The 50 years of artistic life of the Cuban painter and designer Silvio Martinez, based in Colombia, are born and confirmed in a mixture of colours, graffiti, coins, dreams and sketches. He understands the diaspora from his own experience and that takes on a profound meaning in his paintings.
Fifteen years ago, an exhibition requested by a businessman and a love affair led the renowned Cuban painter and designer Silvio Martinez to live in Colombia.
At that exhibition, which lasted a month – it went on for three more – he met his current wife, Martha Diaz Velez, one of his main critics right now, to whom he has been married for 14 years.
Martha prompted him to create Casa Arte Estudio, a workshop offering painting and design skills to the community in his neighbourhood in Bogotá, where he also learns from each student. In his house in Bogota, live the painter, the designer, the ceramic artist… a mixture of art, simplicity, sensitivity, Cubanness and Colombian passion that gathers a great part of the history of an artist, necessary to understand the art of these times.
Silvio Martínez has been exhibited in Panama, Chile, Colombia, Canada, Brazil, the United States, Poland, the former Soviet Union and in African countries.
Some of his works are exhibited at the National Museum of Fine Arts of Havana, Cuba; the Gator-Gijon Gallery, Spain; Eduardo Amarato Neto Gallery Lisbon, Portugal, among other renowned venues.
Through the Council of State of the Republic of Cuba, he spent a year teaching graphic design in Mozambique, Africa, and he’s almost a recent graduate.
“There I had the chance to meet President Samora Machel (1975-1986), who asked me to make some changes to the design of the flag of Mozambique, a country that had freed itself from colonialism two years earlier,” he says.
Also, at the time of the 11th World Festival of Youth and Students held in Cuba in 1978, Martinez was working in the design team of the ideological department of the Communist Youth Union at the national level.
The truth is that Silvio studied plastic arts at the National School of Art, a degree that included drawing, engraving and sculpture, a very complete, all-round education. “That’s why my pictorial work has a lot of influence from design and photography, which is why I often set the stage and take photos to prepare my future painting”.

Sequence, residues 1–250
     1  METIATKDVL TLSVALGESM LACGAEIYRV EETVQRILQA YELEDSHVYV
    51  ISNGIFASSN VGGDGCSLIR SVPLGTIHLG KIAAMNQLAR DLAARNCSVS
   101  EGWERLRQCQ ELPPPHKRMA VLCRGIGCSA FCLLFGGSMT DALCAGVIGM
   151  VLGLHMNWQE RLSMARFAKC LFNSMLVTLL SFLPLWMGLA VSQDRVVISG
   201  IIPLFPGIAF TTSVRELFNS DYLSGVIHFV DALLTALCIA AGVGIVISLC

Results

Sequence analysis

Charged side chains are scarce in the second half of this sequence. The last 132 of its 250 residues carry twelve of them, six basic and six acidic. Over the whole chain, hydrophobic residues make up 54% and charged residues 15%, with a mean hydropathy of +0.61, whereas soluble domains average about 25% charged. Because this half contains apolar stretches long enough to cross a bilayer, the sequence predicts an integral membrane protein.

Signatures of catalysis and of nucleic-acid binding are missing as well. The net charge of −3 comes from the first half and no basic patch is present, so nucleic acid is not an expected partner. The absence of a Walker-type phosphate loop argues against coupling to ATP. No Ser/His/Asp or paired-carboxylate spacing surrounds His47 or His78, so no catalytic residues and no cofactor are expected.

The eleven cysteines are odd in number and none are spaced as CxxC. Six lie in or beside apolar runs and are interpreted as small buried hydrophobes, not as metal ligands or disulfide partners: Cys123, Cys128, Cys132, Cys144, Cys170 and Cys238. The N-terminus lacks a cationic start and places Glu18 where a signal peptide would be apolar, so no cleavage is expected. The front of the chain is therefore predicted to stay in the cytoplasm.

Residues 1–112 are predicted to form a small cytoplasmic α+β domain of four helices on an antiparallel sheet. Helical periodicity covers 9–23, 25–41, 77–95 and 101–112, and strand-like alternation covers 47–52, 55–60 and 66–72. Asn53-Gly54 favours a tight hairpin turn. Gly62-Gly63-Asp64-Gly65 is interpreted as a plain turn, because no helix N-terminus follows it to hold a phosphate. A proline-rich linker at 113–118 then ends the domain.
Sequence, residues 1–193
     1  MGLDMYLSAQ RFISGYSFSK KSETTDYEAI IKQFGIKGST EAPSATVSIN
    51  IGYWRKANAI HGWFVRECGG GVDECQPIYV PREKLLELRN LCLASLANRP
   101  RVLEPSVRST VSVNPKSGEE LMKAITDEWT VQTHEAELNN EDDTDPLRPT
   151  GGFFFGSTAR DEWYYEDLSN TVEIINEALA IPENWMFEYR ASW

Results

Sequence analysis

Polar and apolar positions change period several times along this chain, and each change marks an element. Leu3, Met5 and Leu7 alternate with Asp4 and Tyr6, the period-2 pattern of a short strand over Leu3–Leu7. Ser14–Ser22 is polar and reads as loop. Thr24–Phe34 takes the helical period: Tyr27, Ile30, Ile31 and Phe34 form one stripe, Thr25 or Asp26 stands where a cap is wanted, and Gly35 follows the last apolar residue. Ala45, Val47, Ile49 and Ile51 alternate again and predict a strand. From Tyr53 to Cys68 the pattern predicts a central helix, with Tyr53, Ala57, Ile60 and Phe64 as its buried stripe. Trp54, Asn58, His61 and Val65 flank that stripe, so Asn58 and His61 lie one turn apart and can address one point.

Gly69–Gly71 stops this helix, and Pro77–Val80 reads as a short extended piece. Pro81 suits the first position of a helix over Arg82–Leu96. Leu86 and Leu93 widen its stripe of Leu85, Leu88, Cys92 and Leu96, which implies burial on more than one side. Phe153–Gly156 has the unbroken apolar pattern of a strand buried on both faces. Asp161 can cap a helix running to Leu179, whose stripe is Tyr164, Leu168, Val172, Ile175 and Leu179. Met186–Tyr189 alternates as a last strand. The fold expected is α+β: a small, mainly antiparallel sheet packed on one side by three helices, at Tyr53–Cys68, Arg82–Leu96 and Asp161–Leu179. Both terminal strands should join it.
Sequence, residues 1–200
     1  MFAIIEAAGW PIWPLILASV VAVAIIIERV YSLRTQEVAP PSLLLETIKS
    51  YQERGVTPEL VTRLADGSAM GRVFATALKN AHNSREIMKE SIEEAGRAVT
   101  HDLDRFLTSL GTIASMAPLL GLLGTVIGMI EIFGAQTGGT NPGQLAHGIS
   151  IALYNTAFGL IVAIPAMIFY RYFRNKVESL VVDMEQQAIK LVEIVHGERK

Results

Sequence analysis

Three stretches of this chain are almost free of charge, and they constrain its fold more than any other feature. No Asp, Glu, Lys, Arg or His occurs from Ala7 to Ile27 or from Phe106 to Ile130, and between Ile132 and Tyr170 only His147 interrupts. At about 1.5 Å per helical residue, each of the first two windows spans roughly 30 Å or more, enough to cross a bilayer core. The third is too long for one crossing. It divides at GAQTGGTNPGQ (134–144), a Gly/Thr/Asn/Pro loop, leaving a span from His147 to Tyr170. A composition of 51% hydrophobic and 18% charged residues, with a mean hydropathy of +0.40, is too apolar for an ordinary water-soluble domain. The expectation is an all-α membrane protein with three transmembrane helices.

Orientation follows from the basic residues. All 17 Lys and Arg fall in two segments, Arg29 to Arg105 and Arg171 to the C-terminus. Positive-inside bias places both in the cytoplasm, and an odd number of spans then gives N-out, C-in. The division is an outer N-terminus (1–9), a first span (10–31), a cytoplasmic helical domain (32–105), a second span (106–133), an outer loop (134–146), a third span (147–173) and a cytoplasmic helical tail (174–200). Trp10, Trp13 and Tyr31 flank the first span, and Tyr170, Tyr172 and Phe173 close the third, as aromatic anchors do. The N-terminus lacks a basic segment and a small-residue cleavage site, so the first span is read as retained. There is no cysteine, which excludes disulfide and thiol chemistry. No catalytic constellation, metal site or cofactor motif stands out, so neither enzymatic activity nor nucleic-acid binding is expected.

Most of its national and international awards have been for design work. He has just been awarded a prize in the first edition of the Menduina Schneider Art Gallery Prize (2021), organised by the gallery of the same name, which specialises in Latin American art and is based in Los Angeles (California, United States).
This award, which had the characteristic of virtuality in the context of the pandemic, caused him much delight because it was a competition in which some 60 outstanding creators participated.
Silvio, who despite living in Colombia remains linked to his homeland, his children, to cultural institutions on the island and to his roots and history, told Prensa Latina that he is preparing a new exhibition.
It will open to the public on 10 November at the Studio 74 gallery, located in the San Felipe neighbourhood, considered to be Bogotá’s artistic district.
“This exhibition, which I plan to call Migration or Exodus, is related to the departure of many people from their countries and, although it is a phenomenon that arose from the primitive community, unfortunately nowadays it is massive and brings many problems, in the worst case, death,” he says.
Another problem is that migrants have to adapt to a new culture, idiosyncrasies and way of life, he added.
“In the exhibition that I have been preparing for the last four months, I use mixed techniques, not only oil on canvas, but also other materials, including recyclable materials such as corrugated cardboard, craft paper, pastel painting, charcoal and others,” he says. For years he has been working on the theme of emigration, to which he gives great importance because it touched him closely, although he does not feel “like an emigrant from Cuba, I am simply doing my work outside my country, but it is hard when one leaves one’s land and has to adapt to another system”.
The environment is another theme he frequently addresses in his work. In his opinion, “if humanity does not become aware of it, our children and grandchildren may not be able to know the paradise that we can still preserve”.
“I consider that I am making a contribution. We know that art helps to change society a little, fashion, aesthetic concepts, and in this way, I am participating, one more in this medium to help take care of the natural world around us in some way,” he says.
For Martínez, the starting point of a creator’s work, i.e. how it comes into being, is the most complex part, the part that takes the longest to analyse, “because it is necessary to understand that it is not only for oneself, but also for an audience, a critic, because when it leaves the space, the environment, the artist’s studio, it is no longer his”.
“Sometimes I watch a newsreel, an art film, a documentary and ideas come to me, I make notes and then comes the process of bringing that conceptual idea to life visually,” he explained. During the Covid-19 pandemic, he took the opportunity to do pottery, and in the exhibition on the exodus, he also has some pieces of this material and other sculptures in glass and wood, because he wants to combine various techniques, including three-dimensional works.
“I’m about to celebrate 50 years of artistic li fe and I’m like the first year I graduated, with the same enthusiasm, the same idea, I study the same, I don’t believe that what I do is the best, nor do I think that my work will remain for posterity,” he says.
My interest is that every piece I make is better than the previous one, emphasises Silvio, who was born in Pinar del Río, west of Havana, Cuba, and graduated in 1973 from the Alfredo Lopez School of Graphic Design. (PL)